Though there is an understanding that limits the linguistic blade, it’s not totally outlawed…..though certainly not supported and promoted. At any cost, SFC offers the opportunity to use your first inalienable right to address moments in your life, experiences, frustrations and celebrations.
Sadly, on this occasion we memorialized a soul gone home. I learned of SHY, whose use of word manipulation fascinated all who had a chance to witness it. Rest in Power SHY.
Miami Art Basel Art Fair is a stage for galleries to showcase and market their artists and areas of art specialization in effort to sell works. Though many do not attend the art fair at the convention center in interest of the many other activities (including the popular street art festivities in Wynwood), the opportunity to access and engage with prominent works and artists, under one roof, is extraordinary. I took this opportunity to curate an exhibition using the most interesting works I found at the convention center. This exhibition explores ideas of convergence, commerce, idealism, cultural exchange and influence. I juxtapose works from disparate communities that continue to the conversation on entitlement and the gaze, “who is worthy and of what?”
Kehinde Wiley “The Gypsy Fortune Teller” references French François Boucher’s The Collation. This study in nuances of urban Black male culture in the tradition of Medieval European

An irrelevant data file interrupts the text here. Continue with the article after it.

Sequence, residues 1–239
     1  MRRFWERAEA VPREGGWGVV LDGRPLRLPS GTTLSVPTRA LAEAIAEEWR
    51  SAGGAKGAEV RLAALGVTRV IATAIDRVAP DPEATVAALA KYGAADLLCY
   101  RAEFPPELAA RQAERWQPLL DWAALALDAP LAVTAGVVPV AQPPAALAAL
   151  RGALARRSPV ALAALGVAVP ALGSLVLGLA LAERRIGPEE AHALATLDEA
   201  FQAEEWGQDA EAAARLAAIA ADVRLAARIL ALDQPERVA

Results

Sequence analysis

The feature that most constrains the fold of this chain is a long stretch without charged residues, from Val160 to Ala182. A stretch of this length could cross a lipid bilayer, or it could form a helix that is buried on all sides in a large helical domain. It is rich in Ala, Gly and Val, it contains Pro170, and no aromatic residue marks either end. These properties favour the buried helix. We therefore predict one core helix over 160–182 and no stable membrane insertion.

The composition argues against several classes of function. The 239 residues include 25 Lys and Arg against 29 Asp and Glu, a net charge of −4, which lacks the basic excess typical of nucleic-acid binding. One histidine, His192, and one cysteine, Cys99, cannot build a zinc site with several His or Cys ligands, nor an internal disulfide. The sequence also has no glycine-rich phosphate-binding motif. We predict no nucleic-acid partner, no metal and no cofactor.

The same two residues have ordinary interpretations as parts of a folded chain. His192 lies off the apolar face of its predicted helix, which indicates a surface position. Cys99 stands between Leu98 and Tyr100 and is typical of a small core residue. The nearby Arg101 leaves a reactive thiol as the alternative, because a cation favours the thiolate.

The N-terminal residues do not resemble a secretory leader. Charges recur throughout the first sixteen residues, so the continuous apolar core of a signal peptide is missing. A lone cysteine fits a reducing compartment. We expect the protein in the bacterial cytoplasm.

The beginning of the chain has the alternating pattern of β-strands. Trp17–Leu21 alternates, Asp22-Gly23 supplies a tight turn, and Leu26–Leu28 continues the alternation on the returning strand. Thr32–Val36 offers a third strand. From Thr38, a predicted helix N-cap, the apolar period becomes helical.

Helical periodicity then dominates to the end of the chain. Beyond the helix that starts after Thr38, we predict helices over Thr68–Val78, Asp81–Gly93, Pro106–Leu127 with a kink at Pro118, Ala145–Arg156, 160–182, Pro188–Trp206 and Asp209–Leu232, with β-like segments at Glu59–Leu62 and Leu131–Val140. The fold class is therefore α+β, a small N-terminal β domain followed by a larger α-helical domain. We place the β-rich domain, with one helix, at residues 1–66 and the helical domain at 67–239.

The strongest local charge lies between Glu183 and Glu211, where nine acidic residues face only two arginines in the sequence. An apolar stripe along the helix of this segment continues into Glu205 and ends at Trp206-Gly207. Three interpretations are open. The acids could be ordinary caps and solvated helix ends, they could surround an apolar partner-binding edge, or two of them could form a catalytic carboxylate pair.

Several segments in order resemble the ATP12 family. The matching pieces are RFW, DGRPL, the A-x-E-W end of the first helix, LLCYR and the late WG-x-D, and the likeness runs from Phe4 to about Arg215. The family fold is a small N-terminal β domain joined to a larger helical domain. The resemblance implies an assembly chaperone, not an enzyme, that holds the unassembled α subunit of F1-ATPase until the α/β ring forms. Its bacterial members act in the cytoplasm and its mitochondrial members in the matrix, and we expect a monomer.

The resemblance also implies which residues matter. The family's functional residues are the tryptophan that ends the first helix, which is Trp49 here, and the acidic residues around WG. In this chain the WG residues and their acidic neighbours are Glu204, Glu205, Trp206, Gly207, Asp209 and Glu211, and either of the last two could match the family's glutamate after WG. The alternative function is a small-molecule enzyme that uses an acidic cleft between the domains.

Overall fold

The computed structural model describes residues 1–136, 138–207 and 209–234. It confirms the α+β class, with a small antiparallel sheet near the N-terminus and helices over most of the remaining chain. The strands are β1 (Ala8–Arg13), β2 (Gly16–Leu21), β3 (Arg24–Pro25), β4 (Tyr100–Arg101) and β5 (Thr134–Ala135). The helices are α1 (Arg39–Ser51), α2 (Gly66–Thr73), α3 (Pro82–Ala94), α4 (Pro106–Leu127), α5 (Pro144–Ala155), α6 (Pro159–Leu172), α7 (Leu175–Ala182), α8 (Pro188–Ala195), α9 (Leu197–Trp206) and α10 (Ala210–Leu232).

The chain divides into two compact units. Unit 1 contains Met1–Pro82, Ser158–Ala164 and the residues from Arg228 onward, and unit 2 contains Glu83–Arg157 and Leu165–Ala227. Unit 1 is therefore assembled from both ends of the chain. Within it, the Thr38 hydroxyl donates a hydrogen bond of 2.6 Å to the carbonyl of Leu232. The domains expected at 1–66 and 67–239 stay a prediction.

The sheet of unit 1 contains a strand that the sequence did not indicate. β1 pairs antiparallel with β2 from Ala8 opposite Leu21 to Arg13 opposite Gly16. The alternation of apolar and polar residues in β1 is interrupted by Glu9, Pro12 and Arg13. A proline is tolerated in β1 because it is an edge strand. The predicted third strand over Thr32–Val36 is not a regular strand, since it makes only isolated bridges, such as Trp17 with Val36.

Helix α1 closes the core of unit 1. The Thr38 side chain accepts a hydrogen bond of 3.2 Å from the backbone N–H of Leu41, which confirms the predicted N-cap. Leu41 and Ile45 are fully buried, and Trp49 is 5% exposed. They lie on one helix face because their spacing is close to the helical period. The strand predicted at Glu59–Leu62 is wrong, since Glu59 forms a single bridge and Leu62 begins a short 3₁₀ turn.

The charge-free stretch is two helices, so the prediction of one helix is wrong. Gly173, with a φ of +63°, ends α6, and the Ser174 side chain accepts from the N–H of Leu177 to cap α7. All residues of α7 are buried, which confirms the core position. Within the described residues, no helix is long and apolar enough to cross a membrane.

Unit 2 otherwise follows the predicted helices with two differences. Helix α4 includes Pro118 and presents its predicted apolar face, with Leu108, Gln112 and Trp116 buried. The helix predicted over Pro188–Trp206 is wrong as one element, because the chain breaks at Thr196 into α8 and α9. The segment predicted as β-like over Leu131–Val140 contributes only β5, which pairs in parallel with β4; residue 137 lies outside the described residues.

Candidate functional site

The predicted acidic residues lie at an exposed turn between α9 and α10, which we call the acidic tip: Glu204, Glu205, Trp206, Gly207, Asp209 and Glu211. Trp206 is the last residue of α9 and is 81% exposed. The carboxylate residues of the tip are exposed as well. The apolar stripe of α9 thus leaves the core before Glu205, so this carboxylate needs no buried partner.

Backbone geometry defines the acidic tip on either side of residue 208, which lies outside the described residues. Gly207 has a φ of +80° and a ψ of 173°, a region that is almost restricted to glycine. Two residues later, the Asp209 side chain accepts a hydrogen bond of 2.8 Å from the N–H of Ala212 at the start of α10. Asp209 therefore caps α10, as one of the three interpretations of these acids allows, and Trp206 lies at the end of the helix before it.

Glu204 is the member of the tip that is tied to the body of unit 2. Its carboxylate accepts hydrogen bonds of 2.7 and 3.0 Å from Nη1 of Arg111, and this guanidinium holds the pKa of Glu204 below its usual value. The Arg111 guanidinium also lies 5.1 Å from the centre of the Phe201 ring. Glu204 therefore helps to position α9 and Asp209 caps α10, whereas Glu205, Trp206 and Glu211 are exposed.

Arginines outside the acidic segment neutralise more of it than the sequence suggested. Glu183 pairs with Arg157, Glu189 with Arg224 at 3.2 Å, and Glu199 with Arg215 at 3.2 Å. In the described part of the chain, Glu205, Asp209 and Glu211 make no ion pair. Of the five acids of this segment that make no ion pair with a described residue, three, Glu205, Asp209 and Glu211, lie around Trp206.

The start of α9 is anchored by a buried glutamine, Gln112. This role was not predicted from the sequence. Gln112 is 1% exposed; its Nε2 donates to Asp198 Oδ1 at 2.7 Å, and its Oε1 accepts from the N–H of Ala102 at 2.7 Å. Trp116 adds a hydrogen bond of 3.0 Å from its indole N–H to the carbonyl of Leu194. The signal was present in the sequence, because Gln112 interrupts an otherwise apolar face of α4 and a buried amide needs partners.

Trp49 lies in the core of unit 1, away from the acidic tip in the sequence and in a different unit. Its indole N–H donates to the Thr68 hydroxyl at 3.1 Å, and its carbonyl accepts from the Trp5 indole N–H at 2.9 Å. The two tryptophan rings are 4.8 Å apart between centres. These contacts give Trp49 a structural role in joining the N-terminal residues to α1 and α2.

tapestry challenges the experience and perspective of the observer. Rescued from the Cloisters of the hood, at first glance, the scene seems to simply be an urban contemporary translation of Italian frivolity and pastime, however when one begins to read the units of social engagement (drinking, exchange, adornment) in juxtaposition to the cast and their posture, the work reveals other revelations. All the characters depicted are male, while in the original Boucher two of the figures are women. Both women’s femininity are reinforced by the roles they play and the accessories they adorn (being served, parasol). If we then read Wiley’s two figures in lieu of Boucher’s females we see an agitation of masculinity or negotiation of yang. “Male with parasol” and “reclining male being served” represent new/real archetypes in dimensions of Black male culture. “The undercover brother”, bisexual male, “homothug” formerly invisible in mainstream culture (including homophobic hip hop) has been rendered visible and pronounced in a way that maintains its’ clandestine nature. The profusion of Black urban masculinity (i.e. fitted ribbed tank tops or “wifebeaters”; baggy and sagging jeans; Timberland boots or “Tims”; conspicuous chain and medallion) further suggests the performance of an “other” or queer culture.